Engineering Research Group Developing Coatings for Sturdier Packaging

10 undergraduate chemical engineering majors part of group also investigating antibacterial coatings, oil-spreading behavior over soils

Chemical engineering majors Anas Al-Abri (left), Brandon Knight and Shaylin Williams conduct lab experiments in Brenda Prager’s Coatings, Surfaces and Interfaces Research Group. Submitted photo

Three years ago, Brenda Prager received a parcel of medications from her Australian pharmacist. As it was winter in Australia, the parcel was badly damaged because of wet weather, and the box containing the medications fell apart upon opening.

“It struck me at the time that a cheap but strong, hydrophobic-coated surface over this paper-based package would have gone a long way in protecting my medications,” said Prager, an assistant professor of chemical engineering at the University of Mississippi.

About the same time, a friend sent her some much-wanted “Aussie chocolate.” The Mississippi heat, however, melted the tasty treats.

“Thermal barrier coatings, in this case, would have enabled my beloved Cadbury’s to have arrived safely during transportation,” she said.

Fed up with ineffective package wrappings, Prager created the Coatings, Surfaces and Interfaces Group (CSIG), a research team dealing primarily with the development of intelligent and functional coatings onto paper substrates for packaging applications and investigating their surface behavior, functionality, interactions with the paper substrate and mechanical strength properties.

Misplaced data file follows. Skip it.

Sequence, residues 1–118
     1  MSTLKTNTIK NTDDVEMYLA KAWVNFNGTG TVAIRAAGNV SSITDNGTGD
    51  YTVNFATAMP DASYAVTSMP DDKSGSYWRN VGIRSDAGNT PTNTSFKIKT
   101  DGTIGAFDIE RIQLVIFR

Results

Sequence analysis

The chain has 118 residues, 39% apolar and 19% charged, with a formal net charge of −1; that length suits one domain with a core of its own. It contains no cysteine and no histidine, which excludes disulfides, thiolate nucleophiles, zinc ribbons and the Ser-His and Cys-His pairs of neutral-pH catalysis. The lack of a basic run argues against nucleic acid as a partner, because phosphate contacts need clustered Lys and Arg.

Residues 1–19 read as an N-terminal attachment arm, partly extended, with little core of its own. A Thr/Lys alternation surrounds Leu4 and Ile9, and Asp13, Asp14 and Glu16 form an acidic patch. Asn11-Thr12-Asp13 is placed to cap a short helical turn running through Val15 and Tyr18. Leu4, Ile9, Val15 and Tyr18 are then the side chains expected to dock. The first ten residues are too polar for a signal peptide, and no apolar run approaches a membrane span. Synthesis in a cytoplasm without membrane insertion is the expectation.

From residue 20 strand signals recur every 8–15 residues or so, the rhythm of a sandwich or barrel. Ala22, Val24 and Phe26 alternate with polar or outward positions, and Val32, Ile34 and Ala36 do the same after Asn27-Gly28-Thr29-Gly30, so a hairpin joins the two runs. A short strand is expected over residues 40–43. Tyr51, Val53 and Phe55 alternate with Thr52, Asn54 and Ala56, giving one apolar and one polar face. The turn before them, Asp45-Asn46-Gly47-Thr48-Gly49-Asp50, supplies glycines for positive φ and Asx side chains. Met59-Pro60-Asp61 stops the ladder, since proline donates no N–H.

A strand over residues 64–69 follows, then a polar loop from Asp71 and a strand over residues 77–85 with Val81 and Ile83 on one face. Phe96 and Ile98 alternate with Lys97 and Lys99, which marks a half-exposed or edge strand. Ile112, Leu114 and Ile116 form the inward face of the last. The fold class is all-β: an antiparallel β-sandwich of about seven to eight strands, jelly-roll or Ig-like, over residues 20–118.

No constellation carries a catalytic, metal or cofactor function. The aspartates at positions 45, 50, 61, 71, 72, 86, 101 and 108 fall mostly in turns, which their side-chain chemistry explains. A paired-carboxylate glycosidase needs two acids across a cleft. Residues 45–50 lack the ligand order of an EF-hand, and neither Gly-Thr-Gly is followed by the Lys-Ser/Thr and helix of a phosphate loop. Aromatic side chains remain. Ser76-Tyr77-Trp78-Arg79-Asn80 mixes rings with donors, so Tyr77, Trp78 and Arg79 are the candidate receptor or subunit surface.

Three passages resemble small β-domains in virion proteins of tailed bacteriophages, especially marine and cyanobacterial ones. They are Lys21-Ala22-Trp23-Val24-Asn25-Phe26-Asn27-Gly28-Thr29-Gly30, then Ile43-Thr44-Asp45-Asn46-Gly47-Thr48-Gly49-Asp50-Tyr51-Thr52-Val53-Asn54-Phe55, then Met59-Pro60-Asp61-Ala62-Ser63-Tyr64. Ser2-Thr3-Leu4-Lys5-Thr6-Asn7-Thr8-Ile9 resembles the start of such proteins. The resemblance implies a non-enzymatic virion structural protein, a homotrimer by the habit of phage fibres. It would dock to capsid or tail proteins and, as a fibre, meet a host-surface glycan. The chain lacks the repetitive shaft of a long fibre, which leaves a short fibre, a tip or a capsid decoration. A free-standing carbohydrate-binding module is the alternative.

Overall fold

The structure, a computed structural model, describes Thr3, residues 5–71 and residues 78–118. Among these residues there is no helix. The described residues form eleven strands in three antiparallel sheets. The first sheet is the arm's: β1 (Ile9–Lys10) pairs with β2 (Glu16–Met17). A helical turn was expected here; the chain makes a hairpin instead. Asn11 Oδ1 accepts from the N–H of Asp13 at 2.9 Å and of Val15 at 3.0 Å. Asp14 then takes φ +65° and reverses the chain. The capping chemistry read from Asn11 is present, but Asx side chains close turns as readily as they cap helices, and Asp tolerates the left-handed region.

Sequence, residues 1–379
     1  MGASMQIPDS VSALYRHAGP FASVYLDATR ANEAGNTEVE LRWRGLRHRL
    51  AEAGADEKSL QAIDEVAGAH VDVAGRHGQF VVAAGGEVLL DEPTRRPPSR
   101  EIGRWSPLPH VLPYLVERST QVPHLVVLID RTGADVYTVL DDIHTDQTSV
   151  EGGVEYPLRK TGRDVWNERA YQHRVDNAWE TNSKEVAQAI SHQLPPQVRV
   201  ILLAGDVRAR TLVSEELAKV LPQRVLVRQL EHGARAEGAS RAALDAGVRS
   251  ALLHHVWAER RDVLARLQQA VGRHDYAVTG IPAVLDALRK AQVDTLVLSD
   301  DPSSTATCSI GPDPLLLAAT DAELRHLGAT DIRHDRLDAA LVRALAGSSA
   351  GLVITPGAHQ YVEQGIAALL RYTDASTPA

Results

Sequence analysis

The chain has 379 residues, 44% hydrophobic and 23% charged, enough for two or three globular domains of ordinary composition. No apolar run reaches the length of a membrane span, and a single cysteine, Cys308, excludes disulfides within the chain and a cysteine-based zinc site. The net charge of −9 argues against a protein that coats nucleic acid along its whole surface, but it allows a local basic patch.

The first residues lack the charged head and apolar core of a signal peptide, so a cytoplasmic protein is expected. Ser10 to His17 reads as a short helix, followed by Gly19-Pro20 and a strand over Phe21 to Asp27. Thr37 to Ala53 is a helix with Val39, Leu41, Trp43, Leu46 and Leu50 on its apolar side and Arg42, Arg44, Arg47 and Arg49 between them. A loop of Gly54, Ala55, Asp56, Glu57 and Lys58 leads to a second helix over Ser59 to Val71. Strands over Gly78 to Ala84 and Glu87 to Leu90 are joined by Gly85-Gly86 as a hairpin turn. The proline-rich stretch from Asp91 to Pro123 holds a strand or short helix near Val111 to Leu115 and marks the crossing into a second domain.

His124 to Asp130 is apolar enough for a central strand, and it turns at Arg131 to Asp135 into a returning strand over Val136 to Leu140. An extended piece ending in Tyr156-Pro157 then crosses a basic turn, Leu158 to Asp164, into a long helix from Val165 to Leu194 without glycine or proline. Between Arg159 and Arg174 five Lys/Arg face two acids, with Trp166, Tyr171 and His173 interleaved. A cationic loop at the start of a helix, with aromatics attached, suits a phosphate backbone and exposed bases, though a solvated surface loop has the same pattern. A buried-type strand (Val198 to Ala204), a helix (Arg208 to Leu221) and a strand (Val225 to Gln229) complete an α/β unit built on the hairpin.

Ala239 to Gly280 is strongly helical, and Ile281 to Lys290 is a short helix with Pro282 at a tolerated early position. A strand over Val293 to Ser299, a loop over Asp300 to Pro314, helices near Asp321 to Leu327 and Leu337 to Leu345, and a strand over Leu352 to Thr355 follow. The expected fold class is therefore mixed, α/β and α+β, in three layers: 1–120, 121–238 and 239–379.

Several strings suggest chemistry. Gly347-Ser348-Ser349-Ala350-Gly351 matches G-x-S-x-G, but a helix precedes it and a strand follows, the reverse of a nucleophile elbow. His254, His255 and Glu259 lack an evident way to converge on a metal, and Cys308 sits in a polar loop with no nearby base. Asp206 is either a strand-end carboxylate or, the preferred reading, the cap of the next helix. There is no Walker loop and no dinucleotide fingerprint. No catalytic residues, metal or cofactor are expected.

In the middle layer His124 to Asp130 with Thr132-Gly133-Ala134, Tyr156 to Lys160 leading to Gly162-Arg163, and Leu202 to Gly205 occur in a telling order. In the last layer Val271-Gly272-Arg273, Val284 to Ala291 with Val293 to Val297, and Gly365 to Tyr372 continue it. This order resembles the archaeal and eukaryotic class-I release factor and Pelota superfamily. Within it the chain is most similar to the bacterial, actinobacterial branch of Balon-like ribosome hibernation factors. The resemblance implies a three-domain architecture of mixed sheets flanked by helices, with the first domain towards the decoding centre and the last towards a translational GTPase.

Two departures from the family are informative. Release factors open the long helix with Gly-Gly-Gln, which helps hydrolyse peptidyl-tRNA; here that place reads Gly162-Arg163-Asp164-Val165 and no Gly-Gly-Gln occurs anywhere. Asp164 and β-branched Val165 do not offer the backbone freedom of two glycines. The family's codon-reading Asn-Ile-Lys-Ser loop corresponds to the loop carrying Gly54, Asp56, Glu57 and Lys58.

“Three types of coatings are currently being investigated: hydrophobic, or water repellent, coating; thermal barrier coatings; and antibacterial coatings,” Prager said. “Using the same fundamental science of surfaces and interfaces, I’ve also expanded my research into a fourth project area, investigating oil-spreading behavior over soils, a phenomenon occurring during an oil spill. Understanding this fundamental behavior may lead to modified incident responses following an oil spill.”

The CSIG group includes three graduate researchers (one of whom is a former undergraduate research student of Prager’s): Kola Adenekan of Nigeria, who is working toward his Ph.D. in engineering science; Anas Khalaf Al-Abri of Oman, who has begun his master’s degree in engineering science; and Mustafees Khan of India, who recently completed his master’s in engineering science.

The graduate students help supervise 10 undergraduate students, all chemical engineering majors. They are Claire Cozadd of O’Fallon, Illinois; Osas Imafidon of Lagos, Nigeria; Jared Foster of Horn Lake; Shaylin Williams of Natchez (a McNair Scholar); Aransa Gonzalez of Caracas, Venezuela; Brandon Knight of Collinsville; Ebrima Komma of the Gambia in West Africa; Adam Luckett of Jackson; Jordan Ryan of Gulfport; and Mitch Sypniewski of Vero Beach, Florida.

“Many of my students begin in my research group as volunteers to get a taste of research,” Prager said. “While not all stay in the group, those who do are typically drawn into the excitement that research brings and genuinely enjoy the challenges and higher-order thinking required to successfully conduct the research.”